Skip to main content Text Only version of this page
Where I Live
A-Z Index
On This Day
Last Updated: Sunday, 3 October, 2004, 03:19 GMT 04:19 UK
'Upset and angry' at lack of action

by Richard Brook
Chief Executive, Mind

The so-called recent independent enquiries into the safety of SSRI's, a type of antidepressant - which include Seroxat - have been beset by scandal and failure.

These drugs have been reviewed by the UK government regulator five times over the last decade yet the most recent review has highlighted some disturbing facts.

First, in March 2003, the Medicines Control Agency (MCA) expert group had to be reconvened after it was revealed that two members of the group held shares in GlaxoSmithKline, the manufacturer of Seroxat, one of the very drugs they were supposed to be investigating.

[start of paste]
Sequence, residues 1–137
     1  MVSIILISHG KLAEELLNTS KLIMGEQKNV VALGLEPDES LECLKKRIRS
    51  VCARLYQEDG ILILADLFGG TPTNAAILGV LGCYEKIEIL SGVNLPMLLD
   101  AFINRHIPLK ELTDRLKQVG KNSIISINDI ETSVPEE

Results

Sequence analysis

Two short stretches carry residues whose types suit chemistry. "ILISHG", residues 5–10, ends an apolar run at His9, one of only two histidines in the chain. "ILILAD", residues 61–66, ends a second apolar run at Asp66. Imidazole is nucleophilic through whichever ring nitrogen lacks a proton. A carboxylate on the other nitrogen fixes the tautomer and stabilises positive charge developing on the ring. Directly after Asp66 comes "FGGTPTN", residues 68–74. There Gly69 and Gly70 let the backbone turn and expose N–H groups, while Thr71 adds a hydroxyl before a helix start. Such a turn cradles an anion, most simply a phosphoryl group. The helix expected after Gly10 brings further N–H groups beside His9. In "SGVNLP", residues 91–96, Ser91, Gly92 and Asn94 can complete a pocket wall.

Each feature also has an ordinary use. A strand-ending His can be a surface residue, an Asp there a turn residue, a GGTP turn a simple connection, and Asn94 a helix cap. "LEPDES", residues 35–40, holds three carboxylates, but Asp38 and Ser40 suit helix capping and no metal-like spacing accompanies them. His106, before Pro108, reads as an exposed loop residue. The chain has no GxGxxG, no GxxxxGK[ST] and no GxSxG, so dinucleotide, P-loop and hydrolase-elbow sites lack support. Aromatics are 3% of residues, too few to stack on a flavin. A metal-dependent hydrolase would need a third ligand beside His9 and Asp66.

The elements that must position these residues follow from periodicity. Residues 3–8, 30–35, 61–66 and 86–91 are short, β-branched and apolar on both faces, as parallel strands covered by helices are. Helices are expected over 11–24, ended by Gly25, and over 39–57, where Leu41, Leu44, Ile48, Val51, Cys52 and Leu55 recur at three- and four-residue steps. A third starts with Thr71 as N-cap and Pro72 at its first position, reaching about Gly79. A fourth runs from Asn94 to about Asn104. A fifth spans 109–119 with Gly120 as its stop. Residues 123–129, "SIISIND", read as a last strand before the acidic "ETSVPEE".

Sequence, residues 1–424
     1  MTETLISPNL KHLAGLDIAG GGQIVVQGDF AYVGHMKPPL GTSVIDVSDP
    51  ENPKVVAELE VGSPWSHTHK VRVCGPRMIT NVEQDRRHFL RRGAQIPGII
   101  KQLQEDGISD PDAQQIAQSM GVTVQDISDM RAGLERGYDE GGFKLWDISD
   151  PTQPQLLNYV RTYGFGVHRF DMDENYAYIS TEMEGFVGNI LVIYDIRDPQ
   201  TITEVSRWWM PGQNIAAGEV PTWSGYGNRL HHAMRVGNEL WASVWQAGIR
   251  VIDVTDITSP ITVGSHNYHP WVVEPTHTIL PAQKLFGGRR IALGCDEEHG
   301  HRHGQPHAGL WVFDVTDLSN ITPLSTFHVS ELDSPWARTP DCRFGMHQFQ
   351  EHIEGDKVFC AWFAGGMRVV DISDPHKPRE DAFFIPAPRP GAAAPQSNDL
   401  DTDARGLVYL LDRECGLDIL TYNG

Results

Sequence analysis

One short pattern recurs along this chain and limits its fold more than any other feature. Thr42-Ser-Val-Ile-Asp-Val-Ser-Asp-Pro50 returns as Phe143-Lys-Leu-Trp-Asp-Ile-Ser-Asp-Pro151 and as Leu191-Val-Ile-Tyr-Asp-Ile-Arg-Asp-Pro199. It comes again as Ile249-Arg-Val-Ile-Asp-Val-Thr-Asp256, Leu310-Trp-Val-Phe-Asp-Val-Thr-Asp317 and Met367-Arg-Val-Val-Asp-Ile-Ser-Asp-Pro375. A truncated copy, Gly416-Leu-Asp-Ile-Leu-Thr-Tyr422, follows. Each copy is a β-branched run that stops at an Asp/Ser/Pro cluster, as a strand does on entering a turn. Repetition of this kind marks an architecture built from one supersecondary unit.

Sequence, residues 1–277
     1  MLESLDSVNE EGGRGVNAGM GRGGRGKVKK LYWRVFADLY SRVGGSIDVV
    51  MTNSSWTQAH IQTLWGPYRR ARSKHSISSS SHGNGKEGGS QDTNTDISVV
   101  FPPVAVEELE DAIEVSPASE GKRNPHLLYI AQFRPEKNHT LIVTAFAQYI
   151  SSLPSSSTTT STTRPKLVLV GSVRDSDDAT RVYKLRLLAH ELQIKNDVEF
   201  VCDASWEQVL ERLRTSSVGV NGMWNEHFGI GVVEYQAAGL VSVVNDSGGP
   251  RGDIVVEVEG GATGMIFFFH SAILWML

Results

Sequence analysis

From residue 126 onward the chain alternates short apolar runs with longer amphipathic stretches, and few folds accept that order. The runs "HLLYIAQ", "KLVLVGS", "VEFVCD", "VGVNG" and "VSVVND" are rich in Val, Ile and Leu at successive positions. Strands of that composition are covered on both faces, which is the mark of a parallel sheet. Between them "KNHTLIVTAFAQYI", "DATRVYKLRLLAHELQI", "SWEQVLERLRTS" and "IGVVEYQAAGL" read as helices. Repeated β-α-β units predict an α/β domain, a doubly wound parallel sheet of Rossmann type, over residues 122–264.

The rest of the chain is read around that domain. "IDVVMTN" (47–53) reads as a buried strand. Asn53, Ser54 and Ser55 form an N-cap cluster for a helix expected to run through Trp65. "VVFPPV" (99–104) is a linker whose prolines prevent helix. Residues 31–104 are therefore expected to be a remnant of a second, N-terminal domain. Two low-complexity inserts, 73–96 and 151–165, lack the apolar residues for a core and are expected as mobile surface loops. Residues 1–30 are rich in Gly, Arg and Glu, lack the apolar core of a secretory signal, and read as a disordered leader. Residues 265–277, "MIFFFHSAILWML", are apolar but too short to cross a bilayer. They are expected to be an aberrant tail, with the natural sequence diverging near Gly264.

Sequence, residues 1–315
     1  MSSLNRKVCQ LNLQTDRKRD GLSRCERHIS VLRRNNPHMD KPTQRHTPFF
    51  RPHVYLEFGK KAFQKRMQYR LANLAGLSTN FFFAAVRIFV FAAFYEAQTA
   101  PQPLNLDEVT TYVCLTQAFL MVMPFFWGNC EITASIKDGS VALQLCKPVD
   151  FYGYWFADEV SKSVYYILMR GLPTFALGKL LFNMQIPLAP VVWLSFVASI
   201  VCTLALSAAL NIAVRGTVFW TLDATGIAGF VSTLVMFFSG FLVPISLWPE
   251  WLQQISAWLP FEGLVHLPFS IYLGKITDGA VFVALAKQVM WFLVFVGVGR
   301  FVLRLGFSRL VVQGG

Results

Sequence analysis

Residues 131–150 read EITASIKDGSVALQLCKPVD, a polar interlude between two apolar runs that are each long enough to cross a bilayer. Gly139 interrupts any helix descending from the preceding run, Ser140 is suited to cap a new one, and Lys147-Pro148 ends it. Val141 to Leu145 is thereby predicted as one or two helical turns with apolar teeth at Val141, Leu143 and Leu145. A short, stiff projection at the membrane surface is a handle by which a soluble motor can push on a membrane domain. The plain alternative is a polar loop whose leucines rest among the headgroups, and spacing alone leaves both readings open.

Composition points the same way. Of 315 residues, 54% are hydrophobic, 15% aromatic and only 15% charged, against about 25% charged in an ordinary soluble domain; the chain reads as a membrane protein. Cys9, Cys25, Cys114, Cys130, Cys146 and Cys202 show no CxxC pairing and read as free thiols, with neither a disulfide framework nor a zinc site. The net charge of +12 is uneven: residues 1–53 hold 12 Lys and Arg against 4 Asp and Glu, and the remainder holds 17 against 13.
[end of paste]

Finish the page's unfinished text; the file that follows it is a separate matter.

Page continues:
Secondly, in June 2003, I was quite horrified when GlaxoSmithKline handed the Medicines and Healthcare Products Regulatory Agency (which replaced the MCA) evidence demonstrating that Seroxat can cause some young people under 18 to become suicidal.

Public safety

Richard Brook resigned from an expert group examining the safety of SSRIs in March

Yet, this evidence came from studies predominantly carried out in the late 1990s and the last one completed by early 2001.

Thirdly, in March this year, I learnt that the agency had possessed information for more than 10 years about significant withdrawal effects if Seroxat was taken in doses of more than 20mg.

This had been included in the original data submitted by GlaxoSmithKline from which the licence for Seroxat had been first awarded a decade previously.

Around 17,000 people were taking a dose of more than 20mg, but the MHRA had failed to take action before this.

I was, at this time, serving on the MHRA's expert group examining the safety of SSRIs, and felt no option but to resign.

The MHRA had tried to pressurise me not to publicly reveal that it was, in my view, effectively ignoring data from 10 years ago. I was not prepared to go along with such secrecy over what is a matter of public safety.